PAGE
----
How I went from liberal arts to tech

Almost two years ago, I left my ethnic studies readings and stacks of essays on 18th century literature in central Connecticut for the fast-paced and innovative tech scene in San Francisco.

Gone are my college days of sitting in on small seminars where I discussed topics ranging from 19th century American economic history, to Baroque art symbolisms, to the problematic consequences of the social construction of race and other identities. My classmates and friends read Karl Marx and Judith Butler, taught English to non-English-speaking university staff employees, fought for food justice in the local community, and wrote senior essays and theses on topics of education, race, Brazilian music, and reproductive health justice.

Those days have been replaced with client meetings in a skyscraper in downtown San Francisco, where we discuss how to build profitable web applications that people will use. I talk to my co-workers about practicing the best design patterns in our HTML and SASS code. I’ve picked up technical jargon regarding databases, DNS, CDN, continuous integration. I’ve learned about Series A fundings, angel investment, company valuations, and such. If I am at a coffee shop in San Francisco, I’ll inevitably see at least a few people sporting a sweatshirt branded with a startup logo, coding furiously behind their Macbooks.

During my last two years of college, I spent my weekends learning the skills I needed to join the glittering San Francisco Tech Scene. I diligently researched what skills I needed to acquire: UI and UX design, HTML/CSS/Javascript, and such. I juggled my time between reading chapters on Mao’s revolution in my Modern China textbook to reading how to build a Ruby on Rails application. Sometimes, it was difficult figuring out what was my biggest priority; acing my midterm, or successfully implementing a jQuery function to create a cool animation. I knew that after college, I wanted to work on creative projects in an interesting city. The pipe dream was to work as a designer at a tech company in San Francisco.

With engineers and designers in high demand at tech start-ups in the Bay Area, I was fortunate enough to find stable employment after graduation. But my circumstance is an anomaly; we all know how difficult it is to find a job these days. It’s particularly hard for recent college graduates, where our work experience is sometimes measured by the work experience, which we don’t always have a lot of because we just came out of school. Thus, people have always been urged to study business, engineering, or medicine to get a leg up in finding a job after college.

While there was a brief stint where I considered majoring in business because my parents urged me too, I’m glad that I didn’t. I’m glad that I got to tap into my curiosity to learn about the intersections of race, gender, and class in the context of modern history and events. Granted, I don’t talk about identity formations everyday with my clients who want me to build web applications for them, but studying interdisciplinary disciplines taught me how to think critically and connect the dots. The higher-level skills I gained in my college education — the critical thinking skills, communication skills, and holistically-minded thinking — are invaluable to my work as a designer today.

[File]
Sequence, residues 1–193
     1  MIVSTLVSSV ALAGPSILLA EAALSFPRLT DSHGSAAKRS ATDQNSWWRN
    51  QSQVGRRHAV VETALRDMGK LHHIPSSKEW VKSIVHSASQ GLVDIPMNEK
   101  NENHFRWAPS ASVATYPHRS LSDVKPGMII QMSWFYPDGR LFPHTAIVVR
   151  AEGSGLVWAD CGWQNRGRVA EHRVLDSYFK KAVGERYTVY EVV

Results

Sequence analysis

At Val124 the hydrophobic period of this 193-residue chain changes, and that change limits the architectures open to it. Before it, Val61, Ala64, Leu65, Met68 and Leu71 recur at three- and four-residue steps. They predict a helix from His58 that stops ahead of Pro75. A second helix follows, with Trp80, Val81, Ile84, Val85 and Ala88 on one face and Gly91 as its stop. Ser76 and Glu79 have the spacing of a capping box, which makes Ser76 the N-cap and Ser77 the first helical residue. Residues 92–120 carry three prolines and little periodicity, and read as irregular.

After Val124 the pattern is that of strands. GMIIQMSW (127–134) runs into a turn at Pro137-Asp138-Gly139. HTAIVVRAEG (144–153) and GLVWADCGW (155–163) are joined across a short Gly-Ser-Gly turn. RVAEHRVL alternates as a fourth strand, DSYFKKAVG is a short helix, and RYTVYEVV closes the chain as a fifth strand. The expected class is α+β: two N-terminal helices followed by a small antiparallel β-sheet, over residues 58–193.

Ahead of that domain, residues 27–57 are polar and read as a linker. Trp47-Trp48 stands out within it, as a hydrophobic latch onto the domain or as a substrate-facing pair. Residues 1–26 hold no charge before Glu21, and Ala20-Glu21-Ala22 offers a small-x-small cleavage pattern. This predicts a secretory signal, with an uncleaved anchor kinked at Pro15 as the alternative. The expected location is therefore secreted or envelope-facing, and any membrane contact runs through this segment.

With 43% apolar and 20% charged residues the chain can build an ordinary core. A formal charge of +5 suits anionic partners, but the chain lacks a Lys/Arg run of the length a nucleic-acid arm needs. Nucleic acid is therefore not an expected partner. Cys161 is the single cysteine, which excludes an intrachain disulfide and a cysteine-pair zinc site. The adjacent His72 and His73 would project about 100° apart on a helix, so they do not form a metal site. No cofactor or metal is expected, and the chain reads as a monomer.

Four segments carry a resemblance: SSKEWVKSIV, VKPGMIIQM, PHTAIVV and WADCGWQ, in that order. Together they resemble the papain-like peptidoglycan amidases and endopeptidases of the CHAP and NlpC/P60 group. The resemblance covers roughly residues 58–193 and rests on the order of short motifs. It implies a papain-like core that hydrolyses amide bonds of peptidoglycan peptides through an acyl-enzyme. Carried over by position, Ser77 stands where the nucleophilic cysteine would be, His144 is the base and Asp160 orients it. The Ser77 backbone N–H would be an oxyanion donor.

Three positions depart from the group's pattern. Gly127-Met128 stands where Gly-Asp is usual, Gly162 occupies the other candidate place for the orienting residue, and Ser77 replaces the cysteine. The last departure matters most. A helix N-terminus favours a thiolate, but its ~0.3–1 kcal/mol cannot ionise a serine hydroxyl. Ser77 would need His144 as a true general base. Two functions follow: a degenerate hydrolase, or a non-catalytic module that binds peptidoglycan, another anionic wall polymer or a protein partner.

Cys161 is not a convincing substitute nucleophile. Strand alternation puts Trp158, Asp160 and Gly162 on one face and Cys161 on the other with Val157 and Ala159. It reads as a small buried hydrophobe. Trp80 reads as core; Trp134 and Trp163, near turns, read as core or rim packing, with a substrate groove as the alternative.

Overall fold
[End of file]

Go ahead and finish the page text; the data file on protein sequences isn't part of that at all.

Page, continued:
Technology is the set of tools and systems that humans have created to enhance their lived experiences in their environments. From the tools that hunter-gatherers constructed to hunt livestock, to the construction of the transcontinental railroad that connected one coast to the other in mid-19th century America, to the smartphones in all of our pockets proliferating today, we strive to optimize our experiences in the world. If we merely try to study how to create a thing without thinking of the broader landscape, we’re merely thinking of concepts in a vacuum without consideration of their meanings and consequences at large.

Sometimes during college, my friends and I would joke about how we wouldn’t find a place in the “real-world” to apply our knowledge of critical race scholarship. While people may view humanities as irrelevant knowledge with no practical value, I wholeheartedly disagree. The humanities studies what makes humans feel more whole. To study the humanities is to learn how to serve your role in society. The humanities encompasses not only English and history, but philosophy, religion, sociology, biology, astronomy, and economics. The humanities is inherently interdisciplinary. I truly believe that the humanities teaches you how to become a better citizen. Studying the liberal arts has made me a more informed designer.

If you want to work in tech, don’t hesitate to study the liberal arts if that is what will fuel your curiosity. You don’t need to major in engineering or business to enter tech.

I love how innovative the tech scene is, but I will also say that the industry would benefit from greater diversity; we need more women, people of color, queer people, and humanities-trained thinkers. We need to get away from trying to solve first-world, privileged, straight-white-male problems (which sometimes aren’t real problems anyway), and figure out how to use technology to (attempt to) solve larger problems like income inequality and a broken public education system.

Study the humanities if you would like. Read and write words. Discuss ideas. Learn how people, societies, relationships, systems, and the world work. And lastly, see what you could do to be apart of the bigger picture.